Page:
There’s no denying that Germany has played a major role in shaping the modern world. The first automobile was invented in Germany, along with the first motorcycle, truck, helicopter and cruise ship. Germany was the first to have a Christmas tree, advent calendar and an advent wreath. Scientific inventions and discoveries include the theory of continental drift, the discovery of Uranus and Neptune, Planck’s law and Planck’s constant, the theory of relativity, metal detectors, chip cards, computers, television, jet engines and the X-ray. Some musical inventions include the glockenspiel, clarinet, harmonica, accordion and gramophone record. So here are just a few lesser known German inventions:
These bear-shaped gummies were invented in the early 1920s when Hans Riegel founded his candy company – Haribo. The first gummy lollies produced by his companies were shaped like bears and Haribo continues to be one of the world’s top manufacturers of gummy lollies.
The world’s most popular painkiller, Aspirin, is a German invention! The little white pill was developed by chemist Felix Hoffman in 1897 for the Bayer AG (a giant pharmaceutical company). Although a US company claimed the patent after World War I, 25% of Aspirin produced globally is still made by Bayer.
Many stationary items, such as the ring binder, hole punch, tape and glue sticks, were invited by Germans! The first glue stick was invented in 1969 by the company Henkel after studying the convenience of lipstick applicators. The first glue stick was released under the ‘Pritt Stick’ brand which was sold in 38 countries just two years later, and in 121 countries by 2001. The first multipurpose glue stick which could be used on other materials, such as wood and glass, was the ‘PowerPritt’ released in 2003.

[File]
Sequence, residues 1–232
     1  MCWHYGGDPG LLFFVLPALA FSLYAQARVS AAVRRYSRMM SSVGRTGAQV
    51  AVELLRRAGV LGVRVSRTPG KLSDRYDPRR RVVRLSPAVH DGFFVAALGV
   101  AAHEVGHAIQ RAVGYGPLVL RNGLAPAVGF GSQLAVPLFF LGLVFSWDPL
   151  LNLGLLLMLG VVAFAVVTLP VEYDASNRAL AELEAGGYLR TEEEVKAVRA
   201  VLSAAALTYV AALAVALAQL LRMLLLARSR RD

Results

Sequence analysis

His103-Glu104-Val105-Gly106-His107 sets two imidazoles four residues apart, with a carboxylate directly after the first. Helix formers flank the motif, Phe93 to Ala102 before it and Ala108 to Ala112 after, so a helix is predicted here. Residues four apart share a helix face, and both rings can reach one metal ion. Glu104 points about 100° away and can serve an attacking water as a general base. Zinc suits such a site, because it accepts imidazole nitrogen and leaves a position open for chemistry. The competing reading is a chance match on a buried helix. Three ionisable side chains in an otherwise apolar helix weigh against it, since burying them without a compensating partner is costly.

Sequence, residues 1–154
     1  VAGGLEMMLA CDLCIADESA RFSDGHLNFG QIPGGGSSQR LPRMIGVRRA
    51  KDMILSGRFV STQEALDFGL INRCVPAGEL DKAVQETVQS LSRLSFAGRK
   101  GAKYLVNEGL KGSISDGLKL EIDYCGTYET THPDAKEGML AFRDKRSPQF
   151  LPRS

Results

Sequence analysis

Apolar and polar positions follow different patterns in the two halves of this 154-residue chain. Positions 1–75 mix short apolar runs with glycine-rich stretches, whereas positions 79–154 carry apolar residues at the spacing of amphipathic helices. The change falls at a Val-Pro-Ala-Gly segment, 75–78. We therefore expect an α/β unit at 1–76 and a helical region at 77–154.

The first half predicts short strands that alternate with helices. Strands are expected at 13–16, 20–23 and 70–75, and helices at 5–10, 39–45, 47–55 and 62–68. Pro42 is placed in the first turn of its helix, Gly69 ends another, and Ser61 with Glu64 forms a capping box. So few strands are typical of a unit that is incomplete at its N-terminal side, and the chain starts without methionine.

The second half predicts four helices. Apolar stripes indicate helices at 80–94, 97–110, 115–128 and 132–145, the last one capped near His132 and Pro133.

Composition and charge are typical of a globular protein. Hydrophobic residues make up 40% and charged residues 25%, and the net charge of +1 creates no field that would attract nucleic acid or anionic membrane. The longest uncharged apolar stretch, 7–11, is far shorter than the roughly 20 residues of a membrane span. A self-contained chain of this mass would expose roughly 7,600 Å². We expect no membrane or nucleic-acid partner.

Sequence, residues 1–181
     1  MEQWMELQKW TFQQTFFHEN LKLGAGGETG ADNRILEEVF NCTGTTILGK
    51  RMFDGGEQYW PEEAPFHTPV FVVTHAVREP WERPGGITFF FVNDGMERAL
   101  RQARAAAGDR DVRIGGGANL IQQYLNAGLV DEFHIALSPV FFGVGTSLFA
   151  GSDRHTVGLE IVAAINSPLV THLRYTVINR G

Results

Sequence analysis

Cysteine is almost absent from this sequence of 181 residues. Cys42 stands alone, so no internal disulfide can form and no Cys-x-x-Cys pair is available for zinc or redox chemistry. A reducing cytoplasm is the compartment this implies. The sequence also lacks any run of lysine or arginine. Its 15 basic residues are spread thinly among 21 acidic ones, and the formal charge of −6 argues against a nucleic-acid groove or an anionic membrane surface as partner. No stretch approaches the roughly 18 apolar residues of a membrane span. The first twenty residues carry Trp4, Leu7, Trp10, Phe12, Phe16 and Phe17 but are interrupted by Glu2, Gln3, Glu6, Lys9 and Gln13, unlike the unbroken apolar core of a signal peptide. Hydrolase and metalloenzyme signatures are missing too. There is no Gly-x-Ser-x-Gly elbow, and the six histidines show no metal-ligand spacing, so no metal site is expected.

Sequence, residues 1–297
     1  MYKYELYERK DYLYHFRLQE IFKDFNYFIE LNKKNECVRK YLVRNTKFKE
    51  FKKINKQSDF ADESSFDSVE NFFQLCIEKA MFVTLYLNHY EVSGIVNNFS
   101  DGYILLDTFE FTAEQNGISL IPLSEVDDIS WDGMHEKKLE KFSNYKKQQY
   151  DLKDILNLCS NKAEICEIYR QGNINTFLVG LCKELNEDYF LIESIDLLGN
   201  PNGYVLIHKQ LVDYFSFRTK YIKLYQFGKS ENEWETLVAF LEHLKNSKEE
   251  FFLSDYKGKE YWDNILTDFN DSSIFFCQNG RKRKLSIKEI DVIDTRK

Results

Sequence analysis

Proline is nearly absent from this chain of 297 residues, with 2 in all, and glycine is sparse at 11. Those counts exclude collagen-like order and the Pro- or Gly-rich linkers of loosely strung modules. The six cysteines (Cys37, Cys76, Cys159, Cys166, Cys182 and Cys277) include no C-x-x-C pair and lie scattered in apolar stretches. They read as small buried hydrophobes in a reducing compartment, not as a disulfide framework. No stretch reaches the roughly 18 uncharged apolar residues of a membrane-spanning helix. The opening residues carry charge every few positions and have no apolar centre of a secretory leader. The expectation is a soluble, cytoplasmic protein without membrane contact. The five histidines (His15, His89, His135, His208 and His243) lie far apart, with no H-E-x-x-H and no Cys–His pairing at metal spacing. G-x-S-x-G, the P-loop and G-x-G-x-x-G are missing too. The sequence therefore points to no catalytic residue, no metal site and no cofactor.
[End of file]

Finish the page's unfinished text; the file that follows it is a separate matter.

After using blotting paper from her children’s school books to remove unwanted coffee grounds, Dresden housewife Melitta Bentz had the idea to patent her invention in 1908. She then founded a company with her husband and the couple were selling over a thousand filters by the next year.
The Easter Bunny
The Easter Bunny is well known around the world for leaving Easter-eggs for children on Easter Sunday. Whilst many people believed that the Easter bunny originated in America, it was first mentioned in German literature in the 1600s and was brought to America in the early 1700s by German immigrants who settled in Pennsylvania.